As soon as I started trying to address shortcomings with the note function from Part One, I discovered a problem: I don’t have the patience to edit functions stored in ~/.zshrc.

So, this tutorial is about loading functions from a personal directory. I’ll return to the note function in a future post.

If you’re just looking an example of configuring zsh to load a directory of functions, jump to the end. If you want to understand how the process works, continue reading.

Loading functions from a directory

The method zsh provides for loading functions from a directory is simple. All you need to do is create a directory, add it to $fpath, and use autoload to load your functions.

I’m using ~/functions as the directory for this demonstration, but you can do this in any location.

mkdir ~/functions
cd ~/functions

Navigate to your functions directory and, to prevent effecting the current shell, start a new shell. Then autoload a function.

autoload fn

The function doesn’t exist yet, but that’s not a problem.

When the function is called, the shell will check each directory listed in the special parameter $fpath, from left to right, looking for a file with the same name as the function.

% print -l $fpath

To create a function definition the shell can find, first we need to add our directory to the $fpath array:

fpath=(~/functions $fpath)

Next, create a file named “fn” containing the body of the function. Conveniently, the surrounding functionname () { ... } is not required for functions loaded this way:

cat << EOF > fn
# example function
print i am the function called fn

See Heredoc if you’re not familiar with the above syntax for creating a file.

When function is called, the shell finds the definition, then loads and runs it.

% fn
i am the function called fn

After it’s been loaded, changes to the function’s definition will have no effect on the current shell. To refresh a function’s definition, use unfunction before loading it again.

% cat << EOF > fn
> print i am fn
% fn
i am the function called fn
% unfunction fn
% autoload fn
% fn
i am fn

autoload -Uz

Although it’s not required for our function, the common form for using autoload is:

autoload -Uz fn

The -U option suppresses alias expansion when the function is loaded, which is recommended for the use of functions supplied with the zsh distribution. The -z option forces zsh-style loading.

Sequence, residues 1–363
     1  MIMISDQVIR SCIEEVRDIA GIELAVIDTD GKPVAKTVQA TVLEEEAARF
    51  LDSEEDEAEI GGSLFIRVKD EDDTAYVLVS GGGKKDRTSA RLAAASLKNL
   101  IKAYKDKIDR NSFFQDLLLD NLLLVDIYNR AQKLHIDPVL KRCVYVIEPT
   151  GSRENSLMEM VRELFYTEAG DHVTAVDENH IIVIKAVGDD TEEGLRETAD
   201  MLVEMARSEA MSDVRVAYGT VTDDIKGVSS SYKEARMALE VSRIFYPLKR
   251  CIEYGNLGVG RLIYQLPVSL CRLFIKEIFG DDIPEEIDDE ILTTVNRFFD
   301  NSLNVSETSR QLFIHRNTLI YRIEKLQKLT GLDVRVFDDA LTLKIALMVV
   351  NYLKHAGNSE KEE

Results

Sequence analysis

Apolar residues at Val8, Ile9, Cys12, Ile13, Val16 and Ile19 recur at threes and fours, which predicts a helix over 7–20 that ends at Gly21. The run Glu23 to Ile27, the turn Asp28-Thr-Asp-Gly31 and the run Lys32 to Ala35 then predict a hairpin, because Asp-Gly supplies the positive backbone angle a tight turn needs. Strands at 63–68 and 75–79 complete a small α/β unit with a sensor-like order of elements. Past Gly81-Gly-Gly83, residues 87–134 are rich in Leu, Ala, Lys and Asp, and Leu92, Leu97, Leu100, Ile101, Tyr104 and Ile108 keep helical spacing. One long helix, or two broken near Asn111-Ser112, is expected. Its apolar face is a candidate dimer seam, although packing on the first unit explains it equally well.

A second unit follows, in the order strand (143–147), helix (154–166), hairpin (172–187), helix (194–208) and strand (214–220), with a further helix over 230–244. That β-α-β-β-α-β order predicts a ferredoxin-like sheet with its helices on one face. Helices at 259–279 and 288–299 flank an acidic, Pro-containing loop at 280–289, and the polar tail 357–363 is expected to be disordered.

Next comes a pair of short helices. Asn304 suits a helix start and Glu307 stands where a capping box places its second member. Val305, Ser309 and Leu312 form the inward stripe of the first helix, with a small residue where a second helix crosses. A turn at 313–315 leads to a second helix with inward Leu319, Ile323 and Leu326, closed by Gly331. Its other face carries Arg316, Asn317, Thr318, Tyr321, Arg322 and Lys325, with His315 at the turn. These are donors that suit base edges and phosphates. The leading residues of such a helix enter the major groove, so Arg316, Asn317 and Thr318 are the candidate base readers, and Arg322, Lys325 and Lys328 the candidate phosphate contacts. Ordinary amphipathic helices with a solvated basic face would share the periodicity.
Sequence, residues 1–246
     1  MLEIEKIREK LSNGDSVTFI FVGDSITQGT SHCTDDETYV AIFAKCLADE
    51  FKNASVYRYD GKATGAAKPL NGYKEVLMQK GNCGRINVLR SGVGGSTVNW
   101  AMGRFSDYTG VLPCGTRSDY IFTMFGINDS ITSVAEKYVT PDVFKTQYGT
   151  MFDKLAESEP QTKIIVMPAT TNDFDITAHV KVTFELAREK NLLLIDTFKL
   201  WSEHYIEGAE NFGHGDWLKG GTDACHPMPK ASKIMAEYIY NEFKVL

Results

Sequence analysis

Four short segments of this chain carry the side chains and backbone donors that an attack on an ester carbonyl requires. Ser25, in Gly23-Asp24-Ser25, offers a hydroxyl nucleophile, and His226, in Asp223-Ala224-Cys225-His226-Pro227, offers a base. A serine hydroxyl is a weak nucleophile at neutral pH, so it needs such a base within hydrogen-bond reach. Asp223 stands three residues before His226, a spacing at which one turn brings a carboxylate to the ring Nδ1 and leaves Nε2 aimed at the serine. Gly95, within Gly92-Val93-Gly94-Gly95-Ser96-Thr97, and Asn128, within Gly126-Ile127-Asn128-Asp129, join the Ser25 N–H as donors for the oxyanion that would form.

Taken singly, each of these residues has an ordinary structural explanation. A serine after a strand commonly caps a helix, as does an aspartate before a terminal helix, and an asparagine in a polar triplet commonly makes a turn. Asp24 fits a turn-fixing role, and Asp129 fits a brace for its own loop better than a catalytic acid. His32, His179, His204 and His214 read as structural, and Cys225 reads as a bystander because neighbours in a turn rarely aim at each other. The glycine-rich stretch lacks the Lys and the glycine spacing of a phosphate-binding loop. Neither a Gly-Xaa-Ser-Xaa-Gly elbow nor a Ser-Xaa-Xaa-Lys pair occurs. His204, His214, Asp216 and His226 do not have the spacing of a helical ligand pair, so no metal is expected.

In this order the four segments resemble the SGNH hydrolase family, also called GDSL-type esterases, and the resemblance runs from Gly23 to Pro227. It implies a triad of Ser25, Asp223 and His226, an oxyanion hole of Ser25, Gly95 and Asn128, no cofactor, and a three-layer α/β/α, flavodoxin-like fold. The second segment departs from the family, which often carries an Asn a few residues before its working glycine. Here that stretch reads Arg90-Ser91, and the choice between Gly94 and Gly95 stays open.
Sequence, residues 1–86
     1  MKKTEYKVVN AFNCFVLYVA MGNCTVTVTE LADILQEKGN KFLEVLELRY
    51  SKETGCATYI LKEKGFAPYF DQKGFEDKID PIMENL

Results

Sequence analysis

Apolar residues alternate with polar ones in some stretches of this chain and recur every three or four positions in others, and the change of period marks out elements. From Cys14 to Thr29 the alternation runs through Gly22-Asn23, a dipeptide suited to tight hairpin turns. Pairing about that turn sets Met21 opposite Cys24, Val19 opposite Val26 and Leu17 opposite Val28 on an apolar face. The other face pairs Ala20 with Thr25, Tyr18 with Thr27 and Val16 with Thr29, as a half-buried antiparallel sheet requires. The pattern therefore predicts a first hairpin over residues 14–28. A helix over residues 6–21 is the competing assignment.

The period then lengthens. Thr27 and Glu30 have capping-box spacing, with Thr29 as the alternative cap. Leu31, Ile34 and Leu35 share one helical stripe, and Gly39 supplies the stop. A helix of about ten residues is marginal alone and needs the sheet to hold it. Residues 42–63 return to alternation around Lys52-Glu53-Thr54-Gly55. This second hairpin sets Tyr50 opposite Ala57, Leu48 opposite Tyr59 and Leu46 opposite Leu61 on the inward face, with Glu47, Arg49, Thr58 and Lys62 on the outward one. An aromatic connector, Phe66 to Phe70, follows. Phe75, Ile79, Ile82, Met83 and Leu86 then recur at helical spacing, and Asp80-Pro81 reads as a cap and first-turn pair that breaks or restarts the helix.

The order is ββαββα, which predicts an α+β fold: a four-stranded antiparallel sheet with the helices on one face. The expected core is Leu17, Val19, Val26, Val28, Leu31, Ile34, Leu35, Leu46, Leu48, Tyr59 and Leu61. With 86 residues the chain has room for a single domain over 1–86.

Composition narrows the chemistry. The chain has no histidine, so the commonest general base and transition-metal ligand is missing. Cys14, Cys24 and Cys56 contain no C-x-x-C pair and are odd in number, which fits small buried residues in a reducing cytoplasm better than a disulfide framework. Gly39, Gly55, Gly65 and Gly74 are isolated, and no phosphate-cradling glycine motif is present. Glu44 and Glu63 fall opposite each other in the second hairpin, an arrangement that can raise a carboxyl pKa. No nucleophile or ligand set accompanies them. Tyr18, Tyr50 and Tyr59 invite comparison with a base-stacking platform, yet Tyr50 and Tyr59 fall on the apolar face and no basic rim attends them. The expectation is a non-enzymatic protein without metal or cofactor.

To get into the habit, further examples will follow this form.

Loading multiple functions

The autoload command can accept multiple arguments. To demonstrate this, first create a second function in our directory:

cat << EOF > fn2
print i am fn2

Then autoload both functions:

% autoload -Uz fn fn2
% fn
i am fn
% fn2
i am fn2

You can load an entire directory by using globbing to supply the names of all the functions:

autoload -Uz ${fpath[1]}/*(:t)

The ${fpath[1]}/* expands to all the files in the first directory listed in $fpath. The (:t) is a globbing modifier which takes the tail (basename) of all the files in the list.

See Modifiers in the zshexpn manual pages for more information.

Configuring zsh to load functions

To add a directory to $fpath and autoload functions individually, I can add this to ~/.zshrc:

typeset -U fpath
fpath=(~/functions $fpath)
autoload -Uz fn fn2  # load example functions

The typeset -U fpath command forces the shell to keep only the first occurrence of each duplicated value in the parameter fpath.

I prefer to autoload the entire directory. To avoid loading the functions again if ~/.zshrc is sourced again, I first perform a test to determine whether or not the directory is already in $fpath:

typeset -U fpath
if [[ -z ${fpath[(r)$my_functions]} ]] ; then
    fpath=($my_functions $fpath)
    autoload -Uz ${my_functions}/*(:t)

The (r) subscript flag above returns an empty string if the expression that follows it (my_functions) doesn’t match any element in the array. The ‘-z’ test flag returns true if the string is empty.

See Subscript Flags in the zshparam manual pages for more information.

export fpath?

I’ve found no suggestion in the zsh manual pages or User’s Guide that the $fpath parameter should be exported. I’m not aware of any reason it should be. So, contrary fairly common advice, I’ve chosen not to do so. I’ll update this post if I come to regret the decision.

Next steps

Now that I can save and edit functions in separate files, I’m ready to start improving the note function from Part One, which will be the topic of the next post in this series.

As always, please share any related thoughts, corrections, or questions on Twitter.